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Letters to the Editor



Language and Crime

Brandon Goldsmith's Viewpoint ("Language as Crime Scene," May 19th issue) concerned itself with Jim Adkisson and his murder of two people and the wounding of seven others in a Knoxville Unitarian Church in July 2008. Goldsmith's focus was on the effect of incendiary political rhetoric on susceptible individuals like Adkisson (mostly male, white, and middle-aged) who are furious that we can't return to the 19th century when concepts like diversity, equal rights, and tolerance for beliefs different from theirs were unknown.

Almost a year later, in 2009, I had a conversation with Adkisson at the Northwest Correctional Center in Tiptonville. He had just arrived at that penitentiary, where I assume he still resides. I found him to be articulate, confident, and frightening.

He was frightening because there was absolutely nothing in the man's demeanor or appearance that would signal that he was capable of the horrific act for which he was convicted. He portrayed himself as a mechanical engineer who had a special interest in motorcycles and, of course, all kinds of guns. He didn't find it at all contradictory that he was also a member of the Aryan Nations, a white supremacy group that flourishes in the Tennessee Department of Corrections.

I find it ironic that the Flyer published this piece the same week that CBS' 60 Minutes featured a segment on the Sovereign Citizens Movement. The two men who killed the police officers in West Memphis a year ago were members of this movement, as are, according to CBS, approximately 300,000 Americans. I think if Adkisson were still a free man, he would be a member, probably an influential one.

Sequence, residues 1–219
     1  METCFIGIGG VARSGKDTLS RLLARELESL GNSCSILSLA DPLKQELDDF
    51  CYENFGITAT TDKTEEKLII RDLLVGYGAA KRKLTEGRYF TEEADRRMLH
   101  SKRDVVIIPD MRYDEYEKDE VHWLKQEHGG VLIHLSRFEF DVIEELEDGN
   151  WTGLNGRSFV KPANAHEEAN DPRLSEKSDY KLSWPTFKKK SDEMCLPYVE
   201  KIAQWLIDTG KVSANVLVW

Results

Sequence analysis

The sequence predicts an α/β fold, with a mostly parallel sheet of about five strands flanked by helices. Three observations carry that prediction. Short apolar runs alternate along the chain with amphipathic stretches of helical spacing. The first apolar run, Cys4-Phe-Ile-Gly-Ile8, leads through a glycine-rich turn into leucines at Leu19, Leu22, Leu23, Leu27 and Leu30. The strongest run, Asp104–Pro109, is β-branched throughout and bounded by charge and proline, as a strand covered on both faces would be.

These people are angry, irrational, frustrated, and plain fed up with having to share this country with folks who don't believe in rule by violence. They might live on your street. Depending on where you attend church, they might be a member of your congregation.

I'm forced to wonder how many of these people are also politically active, belonging to the one organization that increasingly seems to reflect their beliefs: the Tea Party Brotherhood. Keep a watchful eye.

John Manasco


The Commencement

In President Barack Obama' s commencement address (Politics, May 19th issue), he delivered a clear message to Booker T. Washington graduates: You will compete with students in Beijing in the future.  

The president reminded everyone about the progress of developing countries and their hard-working students. A large number of international students attend the University of Memphis, Rhodes College, and other local schools. They are almost always the hardest-working students on campus. They are not only competitive with American students. They will soon help their home countries become great developing powers in science, technology, and education.

What should Booker T. Washington (and all) graduates do? The president's answer was clear: Keep pushing yourself! Pushing yourself will help you become a success. It also will help the United States stay on the top of the world. That is a great message to the next generation of Americans: Keep pushing yourself.

Shuai Zhang


God Hates the South?

About those religious nuts who demonstrate at funerals of soldiers, saying that God hates and punishes America because of gays: I'm wondering if they think (I could just put a period right there) the Great Flood of 2011 is God punishing the Bible Belt for prejudice and bigotry. Just asking ...

Dagmar Bergan

Helena, Arkansas

End of the World

Family Radio president Harold Camping predicted that the end of the world would begin on May 21st at precisely 6 p.m. in each time zone. He wrote:

"A great earthquake will occur. The Bible describes it as 'such as was not since men were upon the earth, so mighty an earthquake, and so great.' This earthquake will be so powerful it will throw open all graves. The remains of all the believers who have ever lived will be instantly transformed into glorified spiritual bodies to be forever with God."

When I woke up Sunday morning, not knowing if I was alive or dead, I wandered outside. "Oh no," I cried, "I'm in hell!" I'd always thought that I was generally a good person, so where did I go wrong? Then, I realized, with some relief, I was alive, just in Memphis. Enough said.

Joe Mercer


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